Calculating Calorific Intake

A simple question really - possibly more trivial then anything else but I digress…

The method I have been using to calculate my intake has been from a couple of old article by Thibs:
Nutrition for Newbies Part 1: Strength Training, Bodybuilding & Online Supplement Store - T NATION
Nutrition for Newbies part 2: Strength Training, Bodybuilding & Online Supplement Store - T NATION

As for the method itself:

Step 1: Calculate BMR using:
BMR = 66 + ( 13.7 x weight in kilos ) + ( 5 x height in cm ) - ( 6.8 x age in years )

Step 2: Multiply by an activity multiplier - say 1.6 for people with moderate activity who train a few times a week.

Step 3: Multiply by a goal multiplier - 0.8-0.9 for fat loss, 1 for maintenance and 1.1-1.2 for gaining mass.

My question is really about Step 2… the definition for this activity factor includes how much one exercises, etc.

Does this mean that workout nutrition is included in the calculated intake? If this is the case then it would assume pretty much constant calories throughout the week.

Thoughts?

I went with the above formula + a PWO shake on training days and found I gained weight slightly at “maintenance”… and even at 90% of that intake as I am trying to drop fatty tissue - I have barely dropped anything. I have put this down to poor meal timing and poor sleep patterns wrecking my metabolism… but I am just curious about whether I have got the whole thing wrong by adding in the PWO shake calories on top of everything else.

Regardless this week I am focusing on improving my meal timing and sleep patterns… and possibly dropping calories by a further 5%.

Honestly, I am not trying to be a dick or an unhelpful individual, but what is the point to all of this? I mean, why are you paying THAT much attention to your caloric intake. I understand its good to have a general idea about how much you’re eating, but do you plan on competing, or make a living off of how lean and muscular you are?

You caloric needs change everyday. Calorie counting is outdated (again, except those who make a living off of this). Even hard core bodybuilders don’t pay that much attention unless their dieting.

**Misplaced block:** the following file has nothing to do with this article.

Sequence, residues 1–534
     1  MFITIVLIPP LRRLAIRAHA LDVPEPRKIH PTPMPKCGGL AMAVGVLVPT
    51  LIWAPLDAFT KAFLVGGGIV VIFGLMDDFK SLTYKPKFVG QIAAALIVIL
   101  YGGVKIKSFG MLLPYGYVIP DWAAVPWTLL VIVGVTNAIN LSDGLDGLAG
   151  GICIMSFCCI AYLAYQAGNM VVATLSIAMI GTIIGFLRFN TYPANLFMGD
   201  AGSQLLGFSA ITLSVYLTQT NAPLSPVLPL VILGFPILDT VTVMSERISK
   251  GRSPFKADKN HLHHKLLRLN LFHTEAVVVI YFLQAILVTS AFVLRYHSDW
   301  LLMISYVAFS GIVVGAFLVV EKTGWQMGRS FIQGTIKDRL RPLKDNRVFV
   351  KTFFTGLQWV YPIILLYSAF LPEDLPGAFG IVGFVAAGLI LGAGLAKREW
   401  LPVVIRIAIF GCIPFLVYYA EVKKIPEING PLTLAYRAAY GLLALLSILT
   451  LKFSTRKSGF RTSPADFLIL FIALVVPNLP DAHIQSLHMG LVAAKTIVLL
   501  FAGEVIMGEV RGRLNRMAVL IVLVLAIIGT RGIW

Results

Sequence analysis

Sure, some people can do it and get great results, but do you want to calculate your daily total at the end of each day? What about when you go out with friends and you dont have the caloric profile of your steak or burger?

The body is not mechanical and so uniform like this. It varies all the time. So why treat it like this?

Again, I mean no harm from this post, and hopefully you didnt take it as such. Its just that such a tedious endeavor is not necessary. I tried this once, and you know what? Got nowhere. I also hated this kind of lifestyle. I said fuck it. Once I started focusing on good, wholesome foods, and watching the total amount I was eating, and making sure that the scale was going up (or down) based on my goals. Thats all you’ll ever need man.

Do you realize that all formulas like this just give you an estimate of where to begin, and the only way to determine your true needs is to experiment?

As with some of your other posts, you’re looking at this backwards.

Thank you for the replies but as I said in the first line of my post “possibly more trivial then anything else”.

I’m curious about the concept, the method, the thinking behind in, etc.

Also as a side note: I seem to definitely fit into an all or nothing type mindset. Just as I have no problem inhaling pizzas and not sleeping for a couple of days on end (or for a couple of days solid)… sticking to a program religiously and not deviating from my goal macros by more then a couple of percent is EASY for me.

Moderation is something I definitely need to learn… however when trying such approaches as “eating better” and a “better lifestyle”… I got absolutely nowhere and even my efforts in the gym stalled very quickly.

As for the extremely rare occasion when a deviation from my planned diet comes up… I either accommodate it (eg. accommodate the macros so everything fits) or get on with it and move on. As a whole however I am happier not cheating and I find it easy not to.